A student from Robb Elementary School in Uvalde, Texas, at a rally against assault weapons.

A student from Robb Elementary School in Uvalde, Texas, joins a September 2022 rally in Washington D.C. to urge a ban on assault weapons.

By Jacqui Banaszynski

My fingers felt heavy on the keyboard last week as I edited two special posts that were long in the making. The posts themselves explore the kind of craft tools and inspiration — the partnership of mechanic and muse — that is the core of Storyboard’s mission. The featured journalists described their techniques, choices and struggles in tackling the most sensitive of stories. As I read behind-the-scenes pieces like this, I imagine reporters opening their notebooks and letting us peek into a process that is professional but also deeply personal. They are a generosity I never take for granted and, after four-plus decades in the field, still learn from.

So why the heavy fingers? A direct reflection of a heavy heart. The posts both focused on the scourge of gun violence in America. More specifically, they unravel the work behind two stand-out pieces — one by Rick Rojas and a team at The New York Times, the other by John Woodrow Cox of  The Washington Post — about the shooting at Robb Elementary School in Uvalde, Texas, last May.

I almost typed “massacre” instead of shooting, and it would not have been inappropriate: 19 children and two teachers, dead. Uvalde now holds the unwelcome distinction of being home to the second-worst mass shooting at a school, behind Sandy Hook Elementary in Newtown, Connecticut, where 20 first-graders and six faculty were killed in 2012. These are, without question, massacres. But we all find emotional buffers, I suppose, and the rawness of that word makes me cringe.

So the subject of the posts was challenging enough. But the final edit came as we were assaulted once again by a new rash of mass shootings last week — three in California that left 19 dead, another in eastern Washington where a shooter took three lives before he killed himself. The latter might not even meet the official media standard of a mass shooting, which often is defined as four or more deaths or injuries from a single event; some counts include the shooter, others don’t.

This is somehow what it has come to: the need for a threshold to determine which gun deaths warrant our attention. This is also what it has come to from a story last week in The New York Times about mass shootings in the U.S. in 2023:

By the start of the fourth week in January, the tally had grown to include at least 39 separate shootings in which four or more people were injured or killed, according to the Gun Violence Archive, outlining a striking explosion of violence across a range of sites in nearly every corner of the nation that killed at least 69 people.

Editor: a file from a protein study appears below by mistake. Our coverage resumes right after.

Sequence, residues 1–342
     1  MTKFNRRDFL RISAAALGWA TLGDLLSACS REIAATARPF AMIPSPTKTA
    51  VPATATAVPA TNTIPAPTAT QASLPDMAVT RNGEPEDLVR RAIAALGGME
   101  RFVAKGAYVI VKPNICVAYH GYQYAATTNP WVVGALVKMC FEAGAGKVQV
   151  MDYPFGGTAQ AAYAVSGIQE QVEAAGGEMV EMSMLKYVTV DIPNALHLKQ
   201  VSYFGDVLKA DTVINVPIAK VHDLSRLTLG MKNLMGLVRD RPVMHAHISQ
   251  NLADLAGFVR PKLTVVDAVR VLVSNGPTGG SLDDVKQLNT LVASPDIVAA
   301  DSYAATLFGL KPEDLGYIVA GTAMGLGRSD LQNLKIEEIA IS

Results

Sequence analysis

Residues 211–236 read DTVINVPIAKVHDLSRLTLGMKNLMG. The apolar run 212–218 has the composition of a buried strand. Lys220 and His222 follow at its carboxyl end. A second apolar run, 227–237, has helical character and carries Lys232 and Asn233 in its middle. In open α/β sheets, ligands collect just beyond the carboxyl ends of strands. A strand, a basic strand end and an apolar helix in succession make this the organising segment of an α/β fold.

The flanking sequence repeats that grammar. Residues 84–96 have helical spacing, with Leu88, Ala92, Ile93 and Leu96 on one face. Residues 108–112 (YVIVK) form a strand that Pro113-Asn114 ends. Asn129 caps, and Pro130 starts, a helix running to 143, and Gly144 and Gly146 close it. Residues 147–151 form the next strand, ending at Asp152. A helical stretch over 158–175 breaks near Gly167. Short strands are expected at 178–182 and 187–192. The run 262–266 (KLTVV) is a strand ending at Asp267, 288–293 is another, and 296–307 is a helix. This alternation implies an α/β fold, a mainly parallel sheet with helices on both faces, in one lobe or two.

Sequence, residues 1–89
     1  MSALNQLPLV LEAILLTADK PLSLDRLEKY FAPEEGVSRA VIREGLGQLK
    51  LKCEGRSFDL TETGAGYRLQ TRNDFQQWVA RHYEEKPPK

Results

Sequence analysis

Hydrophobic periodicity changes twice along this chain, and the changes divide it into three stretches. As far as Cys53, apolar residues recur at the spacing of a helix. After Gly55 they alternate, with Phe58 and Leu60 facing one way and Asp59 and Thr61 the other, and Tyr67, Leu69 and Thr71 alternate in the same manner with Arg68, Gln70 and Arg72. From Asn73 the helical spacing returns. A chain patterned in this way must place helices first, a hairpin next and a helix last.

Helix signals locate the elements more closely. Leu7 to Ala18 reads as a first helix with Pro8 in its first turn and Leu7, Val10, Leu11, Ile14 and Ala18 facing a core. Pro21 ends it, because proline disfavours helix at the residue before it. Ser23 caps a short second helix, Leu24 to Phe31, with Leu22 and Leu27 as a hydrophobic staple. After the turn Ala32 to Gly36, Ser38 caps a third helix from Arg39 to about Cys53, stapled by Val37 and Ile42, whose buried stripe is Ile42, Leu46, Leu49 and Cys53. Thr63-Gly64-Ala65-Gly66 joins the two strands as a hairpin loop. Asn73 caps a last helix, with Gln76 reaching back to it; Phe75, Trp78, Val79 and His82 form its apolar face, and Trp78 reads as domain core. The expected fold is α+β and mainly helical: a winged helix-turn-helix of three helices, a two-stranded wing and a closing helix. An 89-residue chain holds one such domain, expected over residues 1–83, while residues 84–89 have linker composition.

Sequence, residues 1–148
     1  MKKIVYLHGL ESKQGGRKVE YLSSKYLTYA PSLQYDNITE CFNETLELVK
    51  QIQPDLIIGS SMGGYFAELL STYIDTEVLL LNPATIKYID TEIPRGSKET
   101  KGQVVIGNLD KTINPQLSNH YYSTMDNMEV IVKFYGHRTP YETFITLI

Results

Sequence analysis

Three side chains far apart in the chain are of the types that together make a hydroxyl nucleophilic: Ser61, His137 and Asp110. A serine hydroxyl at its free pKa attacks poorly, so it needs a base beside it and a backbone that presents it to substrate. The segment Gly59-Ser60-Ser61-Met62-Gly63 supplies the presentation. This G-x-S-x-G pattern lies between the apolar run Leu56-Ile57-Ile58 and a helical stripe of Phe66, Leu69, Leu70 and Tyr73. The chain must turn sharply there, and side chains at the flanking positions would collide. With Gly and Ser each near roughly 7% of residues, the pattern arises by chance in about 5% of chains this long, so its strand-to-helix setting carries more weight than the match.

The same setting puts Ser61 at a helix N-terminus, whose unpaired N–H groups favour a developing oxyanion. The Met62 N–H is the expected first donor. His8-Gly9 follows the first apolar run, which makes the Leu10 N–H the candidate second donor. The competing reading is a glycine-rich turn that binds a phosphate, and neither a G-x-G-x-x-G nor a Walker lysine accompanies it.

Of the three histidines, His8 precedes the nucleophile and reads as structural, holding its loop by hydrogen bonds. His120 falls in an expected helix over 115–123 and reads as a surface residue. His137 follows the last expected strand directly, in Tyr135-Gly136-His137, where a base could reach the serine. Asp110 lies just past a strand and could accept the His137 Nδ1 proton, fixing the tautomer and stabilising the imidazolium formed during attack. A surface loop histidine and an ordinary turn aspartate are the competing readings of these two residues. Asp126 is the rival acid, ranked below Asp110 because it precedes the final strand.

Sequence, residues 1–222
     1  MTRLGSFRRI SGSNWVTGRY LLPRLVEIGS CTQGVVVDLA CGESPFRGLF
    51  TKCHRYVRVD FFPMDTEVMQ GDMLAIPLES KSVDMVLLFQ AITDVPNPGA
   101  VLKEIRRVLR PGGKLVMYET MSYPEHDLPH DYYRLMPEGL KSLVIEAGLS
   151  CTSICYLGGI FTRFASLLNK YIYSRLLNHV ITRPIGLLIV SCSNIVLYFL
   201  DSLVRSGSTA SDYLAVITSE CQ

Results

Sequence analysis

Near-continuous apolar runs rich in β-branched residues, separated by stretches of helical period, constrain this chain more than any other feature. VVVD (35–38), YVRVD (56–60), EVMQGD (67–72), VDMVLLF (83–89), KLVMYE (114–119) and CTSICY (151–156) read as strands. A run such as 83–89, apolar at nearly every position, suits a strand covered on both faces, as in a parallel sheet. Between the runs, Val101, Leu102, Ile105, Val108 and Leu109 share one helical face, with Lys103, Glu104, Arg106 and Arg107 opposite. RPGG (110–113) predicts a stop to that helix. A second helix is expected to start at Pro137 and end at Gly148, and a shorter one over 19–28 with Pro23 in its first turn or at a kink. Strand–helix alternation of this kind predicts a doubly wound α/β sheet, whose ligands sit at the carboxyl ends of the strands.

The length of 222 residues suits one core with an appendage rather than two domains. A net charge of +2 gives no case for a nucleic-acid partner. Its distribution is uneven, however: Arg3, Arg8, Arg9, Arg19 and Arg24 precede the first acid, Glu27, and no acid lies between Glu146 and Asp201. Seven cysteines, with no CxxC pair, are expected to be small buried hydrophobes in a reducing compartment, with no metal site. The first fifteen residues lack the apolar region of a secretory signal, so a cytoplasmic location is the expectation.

Last Friday, as my fingers slogged across the keyboard trying to make sense of this for the newsletter, NPR reported that the number of mass shootings now stands at 40. I haven’t found details. I am reluctant to hunt very hard, especially as I try to absorb the dark news about the death of Tyre Nichols under the boots and batons of Memphis police.

I fear this isn’t the best way to inspire you to read our posts on the Uvalde school schooting. It feels like a long-winded content warning: These posts include explicit passages about trauma and violence that some readers may find upsetting. There was no plan to run these posts the same week as we, in these dis-United States, absorb news of this most recent spate of slaughter. It was simply a heartbreaking serendipity.

As is the fact that Rojas’ piece in the Post focuses on the family of Jackie Cazares, who was killed in the shooting at Robb Elementary, while Cox profiles Caitlyne Gonzales, who survived and became the public voice of her classmates — often portrayed by the media in ways that misunderstood the true trauma. The sad serendipity: Jackie and Caitlyne were best friends.

But please take a deep breath and dive in. There is so much to learn about how the best journalists approach the kinds of stories that shouldn’t be necessary to write — but are.

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A version of this post was first published as a Nieman Storyboard newsletter on Jan. 27, 2023.

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